If you’ve watched a reasonable amount of horse racing but don’t even begin to consider yourself an aficionado then you might well have noticed that races are given different grades and put into groups, but you might not have given it much thought. After all, what difference does it make what grade a particular race is? Will it change your bet if you know that you’re watching a Group 1 race rather than one of the other types?
In all honesty, the answer to that is probably ‘no’. Even so, there are enough different types of race classification that you should learn a little bit about them, especially as there’s something of a difference between all the various race types. It’s also worth noting that the way that races are classified in the jump world is different from how they’re classified when it comes to flat racing, so it’s not a one-size-fits-all scenario. I’m a firm believer in giving yourself every possible advantage, so understanding the difference between them all is key to being a good bettor.
Flat Racing Grades
Let’s start by having a look at the world of flat racing and the different ways that the races are broken up there. They are split up into various classes and then have different race types within each class. Here I’ll explain how they all work.
Class 1 Races
This is the top level of flat racing and has several different sub-groups. The first and most important of these is the Classics, which are the 1,000 Guineas, the 2,000, Guineas, the Oaks, the Derby and the St. Leger. Typically speaking, the horses will carry the same weight as each other, though some races will give fillies and mares a slight allowance.
Within Class 1, you’ll find Group 1, Group 2 and Group 3 races, as well as Listed offerings. These breakdown further, with Group 1 races having a minimum value of £200,000 in races for horses aged three and over and £150,000 for horses aged two and up. They are for horses with ratings of 115 and over.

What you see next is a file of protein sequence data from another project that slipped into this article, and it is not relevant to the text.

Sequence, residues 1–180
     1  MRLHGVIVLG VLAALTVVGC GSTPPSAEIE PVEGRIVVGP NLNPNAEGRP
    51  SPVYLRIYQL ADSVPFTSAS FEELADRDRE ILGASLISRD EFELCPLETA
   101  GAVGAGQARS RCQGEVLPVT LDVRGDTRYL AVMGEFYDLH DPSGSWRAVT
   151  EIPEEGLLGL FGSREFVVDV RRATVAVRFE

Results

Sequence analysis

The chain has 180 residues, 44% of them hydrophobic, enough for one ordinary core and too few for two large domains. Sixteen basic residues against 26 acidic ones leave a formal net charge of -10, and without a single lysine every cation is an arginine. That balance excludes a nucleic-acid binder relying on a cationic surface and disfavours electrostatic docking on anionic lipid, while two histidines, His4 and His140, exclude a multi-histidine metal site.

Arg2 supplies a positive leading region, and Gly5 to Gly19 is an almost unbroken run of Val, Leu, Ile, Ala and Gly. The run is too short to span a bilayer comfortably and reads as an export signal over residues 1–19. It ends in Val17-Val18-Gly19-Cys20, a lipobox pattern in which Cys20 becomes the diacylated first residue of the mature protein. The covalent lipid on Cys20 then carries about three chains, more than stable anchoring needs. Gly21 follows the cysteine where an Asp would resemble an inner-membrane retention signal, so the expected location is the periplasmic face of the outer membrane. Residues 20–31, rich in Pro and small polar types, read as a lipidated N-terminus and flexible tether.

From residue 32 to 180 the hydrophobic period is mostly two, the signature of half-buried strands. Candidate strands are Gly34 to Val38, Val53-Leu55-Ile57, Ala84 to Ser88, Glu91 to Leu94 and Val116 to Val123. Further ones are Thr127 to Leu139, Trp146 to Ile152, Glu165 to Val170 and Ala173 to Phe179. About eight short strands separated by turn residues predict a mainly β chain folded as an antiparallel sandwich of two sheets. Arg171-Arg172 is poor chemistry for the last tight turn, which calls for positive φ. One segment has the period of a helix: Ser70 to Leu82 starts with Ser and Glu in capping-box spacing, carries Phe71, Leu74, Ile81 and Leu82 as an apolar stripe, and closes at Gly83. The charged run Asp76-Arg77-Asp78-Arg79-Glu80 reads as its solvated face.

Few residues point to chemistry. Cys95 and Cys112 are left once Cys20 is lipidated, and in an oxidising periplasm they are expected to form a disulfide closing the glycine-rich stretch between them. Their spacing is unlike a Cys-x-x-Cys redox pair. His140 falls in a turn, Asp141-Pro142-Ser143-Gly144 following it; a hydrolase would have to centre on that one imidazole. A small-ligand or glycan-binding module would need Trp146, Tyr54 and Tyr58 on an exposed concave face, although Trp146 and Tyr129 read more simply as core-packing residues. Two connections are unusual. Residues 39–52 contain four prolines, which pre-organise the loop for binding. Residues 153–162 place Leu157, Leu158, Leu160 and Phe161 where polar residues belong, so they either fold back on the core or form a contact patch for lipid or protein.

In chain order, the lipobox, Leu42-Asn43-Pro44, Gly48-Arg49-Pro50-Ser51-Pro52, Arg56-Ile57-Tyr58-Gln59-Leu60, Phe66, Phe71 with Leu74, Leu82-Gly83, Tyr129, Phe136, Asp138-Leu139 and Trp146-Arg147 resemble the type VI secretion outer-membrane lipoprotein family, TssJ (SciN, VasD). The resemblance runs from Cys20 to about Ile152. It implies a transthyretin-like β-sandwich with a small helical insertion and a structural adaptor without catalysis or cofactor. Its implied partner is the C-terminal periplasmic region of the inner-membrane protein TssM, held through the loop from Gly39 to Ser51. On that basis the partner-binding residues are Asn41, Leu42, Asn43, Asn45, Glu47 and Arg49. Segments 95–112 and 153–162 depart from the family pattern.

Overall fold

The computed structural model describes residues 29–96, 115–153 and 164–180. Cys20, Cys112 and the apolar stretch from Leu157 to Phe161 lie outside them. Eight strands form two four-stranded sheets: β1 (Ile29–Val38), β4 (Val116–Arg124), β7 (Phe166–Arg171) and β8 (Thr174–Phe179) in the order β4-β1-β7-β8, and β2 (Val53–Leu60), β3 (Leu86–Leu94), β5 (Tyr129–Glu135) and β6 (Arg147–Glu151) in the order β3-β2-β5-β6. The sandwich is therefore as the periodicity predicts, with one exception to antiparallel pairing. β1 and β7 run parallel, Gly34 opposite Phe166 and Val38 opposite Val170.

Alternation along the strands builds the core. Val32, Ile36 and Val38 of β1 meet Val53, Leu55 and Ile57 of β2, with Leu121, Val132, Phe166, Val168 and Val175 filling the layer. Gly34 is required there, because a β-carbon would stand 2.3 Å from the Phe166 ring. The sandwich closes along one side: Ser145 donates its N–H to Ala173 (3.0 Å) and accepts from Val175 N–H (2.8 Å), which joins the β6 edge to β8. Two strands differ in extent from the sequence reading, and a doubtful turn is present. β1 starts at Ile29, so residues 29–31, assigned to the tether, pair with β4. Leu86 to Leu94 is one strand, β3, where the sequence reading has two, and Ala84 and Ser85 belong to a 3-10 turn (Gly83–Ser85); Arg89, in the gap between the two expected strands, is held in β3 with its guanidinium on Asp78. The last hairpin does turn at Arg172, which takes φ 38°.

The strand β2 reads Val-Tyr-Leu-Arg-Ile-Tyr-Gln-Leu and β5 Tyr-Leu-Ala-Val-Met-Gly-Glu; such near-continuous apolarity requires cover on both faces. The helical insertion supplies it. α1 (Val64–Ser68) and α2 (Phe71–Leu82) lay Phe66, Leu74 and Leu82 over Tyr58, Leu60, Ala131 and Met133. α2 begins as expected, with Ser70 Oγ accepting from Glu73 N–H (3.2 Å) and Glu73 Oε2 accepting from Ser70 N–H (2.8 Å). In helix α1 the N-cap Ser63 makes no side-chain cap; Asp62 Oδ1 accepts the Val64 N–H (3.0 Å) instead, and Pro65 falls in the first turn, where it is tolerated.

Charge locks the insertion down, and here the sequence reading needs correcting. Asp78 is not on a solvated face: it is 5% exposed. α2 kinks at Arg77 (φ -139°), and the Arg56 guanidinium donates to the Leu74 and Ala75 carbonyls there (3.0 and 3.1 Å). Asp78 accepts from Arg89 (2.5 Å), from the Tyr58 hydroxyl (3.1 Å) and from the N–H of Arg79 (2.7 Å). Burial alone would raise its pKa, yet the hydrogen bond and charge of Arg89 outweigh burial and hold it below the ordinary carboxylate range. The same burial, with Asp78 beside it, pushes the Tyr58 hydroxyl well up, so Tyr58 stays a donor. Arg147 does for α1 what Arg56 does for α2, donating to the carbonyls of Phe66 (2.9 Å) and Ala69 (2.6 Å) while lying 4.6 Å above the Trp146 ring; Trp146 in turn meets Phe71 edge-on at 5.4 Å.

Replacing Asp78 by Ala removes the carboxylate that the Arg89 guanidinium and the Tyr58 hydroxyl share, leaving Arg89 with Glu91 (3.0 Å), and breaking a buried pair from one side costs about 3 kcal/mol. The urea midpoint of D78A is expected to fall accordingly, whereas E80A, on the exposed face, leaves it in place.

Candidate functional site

Group 2 races have a minimum value of £90,000 for horses aged three and over and £65,000 for those aged two and up, whilst Group 3 offerings have minimum values of £60,000 and £40,000 for horses aged three and up and two and up respectively. These races have a minimum rating of 110.
Listed races work slightly differently and often include handicaps, which in the case of Class 1 need to be for horses rated between 96 and 100 and have minimum values of £37,000 for horses aged three and over and £25,500 for those aged two and up. The races here boast a minimum rating of 105.
Conditions & Handicaps
Speaking in general terms, flat racing tends to separate its races out in the handicap offerings and conditions races. When it comes to the latter, the category gets its name from the fact that the races have certain conditions that need to be met in order for them to take place. One of the chief conditions involves the weights that have to be carried by the horses according to the likes of their age, sex and experience.
If you’ve ever heard the phrase ‘weight-for-age’ when it comes to horse racing then this is what that is referring to. The older and more experience a horse competing in a race is the large the weight is that they’ll have to to carry. Whilst it bears similarities, it is a different classification of race to the handicaps that are also part of the the British Horseracing Authorities race types.
In handicaps, the weight that a horse carries is determined by the handicapper, whose job is to try to make sure that all of the horses are carrying enough weight to mean that, in a perfect world, they’d all cross the finish line at exactly the same moment. Each horse’s handicap tends to be dictated according to their official rating, which is given to them by the BHA after several races and is constantly updated.
Handicap weights include the weight of both the jockey riding the horse and the equipment being used, so any weight not made up by the jockey and his equipment will be made up with extra weight added, usually in the form of synthetic materials bulked up until the correct weight amount is reached.
The current system of grading for Group races was introduced in 1971 and, although it has been tweaked and altered a number of times, it remains much the same as it was back then. It’s a system that is employed throughout Europe and the races are categorised by the European Pattern Committee. The system changed slightly in 2010 when the Class system came into play for flat racing and races were put into Classes from 1 to 7.
The Main Race Types
In the world of flat racing there are twelve race types, which are as follows:
|Race Type||Important Information|
|Handicap||The official handicapper will determined the weight carried by each horse based on a number of factors|
|Heritage Handicap||Price money for these important races tends to exceed £100,000|